“…the work you have initiated in collaboration with Mr. Bosch is a historic achievement, an example to the Bahá’í communities in other lands, a source of future blessings and an added evidence of the mighty and glorious spirit that animates you both in the service of our beloved Cause. Strive, that every passing year may witness a fresh advance in the extension of its scope, the spread of its influence and the consolidation of its foundation.”
She wrote countless letters and found joy in providing personally for the comfort of each student. The place was scrubbed to spotlessness as dust and Louise could never dwell in the same room. She was truly a perfectionist. She always remembered her “charges” and corresponded endlessly to guide them further in the Teachings. Her torch kindled the flame of friends and teachers from East, West, North and South.
Many believers brought their contacts to blessed Louise, and through her great warmth, love and understanding, their confirmation would be achieved. In 1913 ‘Abdu’l-Bahá wrote a Tablet to her,
“Oh thou daughter of the Kingdom: Thou art one of the old believers and belongest to the firm and steadfast maidservants of the Kingdom. Therefore in the estimation of ‘Abdu’l-Bahá thou art favored. Thank God that thou art firm in the Covenant and hast turned thy face toward the Kingdom of Abha. I hope from the bestowals of Bahá’u’lláh that He may so enkindle thee as to move that region, that enkindle thee as to move that region, that thou mayest unloose thy tongue in guiding the people and attract the souls to His Holiness Bahá’u’lláh.”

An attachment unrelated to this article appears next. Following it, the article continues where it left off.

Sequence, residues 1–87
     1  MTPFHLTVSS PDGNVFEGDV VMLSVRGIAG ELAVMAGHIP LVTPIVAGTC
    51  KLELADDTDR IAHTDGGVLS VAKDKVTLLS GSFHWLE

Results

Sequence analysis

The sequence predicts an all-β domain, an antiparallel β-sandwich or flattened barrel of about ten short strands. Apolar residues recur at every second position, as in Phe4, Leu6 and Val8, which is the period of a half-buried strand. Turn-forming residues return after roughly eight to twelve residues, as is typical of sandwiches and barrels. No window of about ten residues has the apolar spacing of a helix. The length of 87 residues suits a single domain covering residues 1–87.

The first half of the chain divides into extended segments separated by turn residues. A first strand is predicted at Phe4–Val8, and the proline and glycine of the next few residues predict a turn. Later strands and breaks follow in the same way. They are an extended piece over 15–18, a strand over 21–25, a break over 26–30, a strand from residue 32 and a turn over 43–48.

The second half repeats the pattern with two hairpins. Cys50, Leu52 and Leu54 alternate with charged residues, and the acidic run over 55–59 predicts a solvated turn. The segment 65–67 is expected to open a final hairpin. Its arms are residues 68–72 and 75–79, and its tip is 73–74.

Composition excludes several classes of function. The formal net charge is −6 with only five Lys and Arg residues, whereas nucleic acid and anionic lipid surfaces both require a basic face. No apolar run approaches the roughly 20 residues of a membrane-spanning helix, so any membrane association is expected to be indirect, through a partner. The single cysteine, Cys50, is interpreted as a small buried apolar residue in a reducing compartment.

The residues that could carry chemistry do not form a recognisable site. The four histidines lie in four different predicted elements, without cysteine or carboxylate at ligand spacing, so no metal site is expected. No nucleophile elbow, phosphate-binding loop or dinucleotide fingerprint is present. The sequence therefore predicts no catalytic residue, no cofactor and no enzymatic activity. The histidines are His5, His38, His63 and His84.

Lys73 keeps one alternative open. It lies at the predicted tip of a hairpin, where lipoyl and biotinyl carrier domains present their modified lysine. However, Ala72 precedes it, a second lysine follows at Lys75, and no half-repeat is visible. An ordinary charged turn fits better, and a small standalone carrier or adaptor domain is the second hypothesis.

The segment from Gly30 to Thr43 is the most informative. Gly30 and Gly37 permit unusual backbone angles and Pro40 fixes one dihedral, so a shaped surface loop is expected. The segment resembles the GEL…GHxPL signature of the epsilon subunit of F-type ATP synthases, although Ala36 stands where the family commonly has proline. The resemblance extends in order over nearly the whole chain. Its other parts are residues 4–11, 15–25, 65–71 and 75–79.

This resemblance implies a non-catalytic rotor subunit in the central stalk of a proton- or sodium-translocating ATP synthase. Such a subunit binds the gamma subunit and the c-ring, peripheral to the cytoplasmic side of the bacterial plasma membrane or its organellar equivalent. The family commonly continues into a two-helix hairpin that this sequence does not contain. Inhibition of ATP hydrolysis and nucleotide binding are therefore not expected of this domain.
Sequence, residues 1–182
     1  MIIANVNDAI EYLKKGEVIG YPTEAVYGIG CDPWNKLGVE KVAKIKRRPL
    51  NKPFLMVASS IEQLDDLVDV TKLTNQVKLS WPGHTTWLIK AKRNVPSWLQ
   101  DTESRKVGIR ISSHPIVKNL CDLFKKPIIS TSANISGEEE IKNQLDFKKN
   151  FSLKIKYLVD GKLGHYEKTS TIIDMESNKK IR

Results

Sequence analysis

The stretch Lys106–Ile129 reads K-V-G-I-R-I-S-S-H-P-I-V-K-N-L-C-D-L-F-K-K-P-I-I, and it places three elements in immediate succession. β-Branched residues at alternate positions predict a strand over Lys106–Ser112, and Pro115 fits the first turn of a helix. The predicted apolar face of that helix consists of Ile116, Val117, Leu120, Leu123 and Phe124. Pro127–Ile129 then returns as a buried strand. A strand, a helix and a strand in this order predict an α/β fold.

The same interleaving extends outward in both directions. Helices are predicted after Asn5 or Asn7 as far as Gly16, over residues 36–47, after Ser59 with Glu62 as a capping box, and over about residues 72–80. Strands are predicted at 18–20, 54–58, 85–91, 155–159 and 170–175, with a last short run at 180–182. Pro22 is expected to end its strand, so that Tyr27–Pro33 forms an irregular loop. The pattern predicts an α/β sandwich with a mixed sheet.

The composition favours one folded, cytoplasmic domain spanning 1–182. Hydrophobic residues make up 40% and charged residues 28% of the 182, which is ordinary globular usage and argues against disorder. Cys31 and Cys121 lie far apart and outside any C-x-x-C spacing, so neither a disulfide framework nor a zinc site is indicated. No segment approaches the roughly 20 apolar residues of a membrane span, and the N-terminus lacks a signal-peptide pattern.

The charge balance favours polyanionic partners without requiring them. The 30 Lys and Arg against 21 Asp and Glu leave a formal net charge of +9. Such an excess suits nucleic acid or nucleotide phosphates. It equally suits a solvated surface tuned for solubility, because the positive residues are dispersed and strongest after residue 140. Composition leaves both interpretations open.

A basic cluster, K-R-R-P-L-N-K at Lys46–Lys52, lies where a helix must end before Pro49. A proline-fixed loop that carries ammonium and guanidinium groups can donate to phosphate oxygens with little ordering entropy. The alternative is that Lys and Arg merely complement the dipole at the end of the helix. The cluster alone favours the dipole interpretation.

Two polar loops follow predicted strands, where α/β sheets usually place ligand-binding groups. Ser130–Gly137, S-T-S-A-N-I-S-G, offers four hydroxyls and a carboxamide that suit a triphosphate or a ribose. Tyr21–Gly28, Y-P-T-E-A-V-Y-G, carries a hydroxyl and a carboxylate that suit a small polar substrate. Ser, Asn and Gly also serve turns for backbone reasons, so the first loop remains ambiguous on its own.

To tell more of the life of Louise Bosch would be to repeat the account of the life of John Bosch so ably presented in The Bahá’í World, Volume XI. They were the rarest of teams-one supported the other, the lacks of one supplemented by the other. This magnificent marriage was indeed “made in Heaven.” Without John’s wise counseling the perseverance of Louise would have been as a ship without a captain.
Before the visit of ‘Abdu’l-Bahá to America, He issued a Tablet in which he declared that the Bahá’ís must pave the way for His coming by showing great love and unity to one another. He said, “Love is the greatest of all living Powers.” Louise fully understood and had the rare quality of being able to express her love to all Bahá’ís. She also loved the Guardian and had a devoted comprehension of his station; she constantly emphasized it to the friends. During her later days, when her physical and mental faculties ebbed away, the qualities of her soul proved themselves, for she was more than ever the sweetest and most lovable Louise.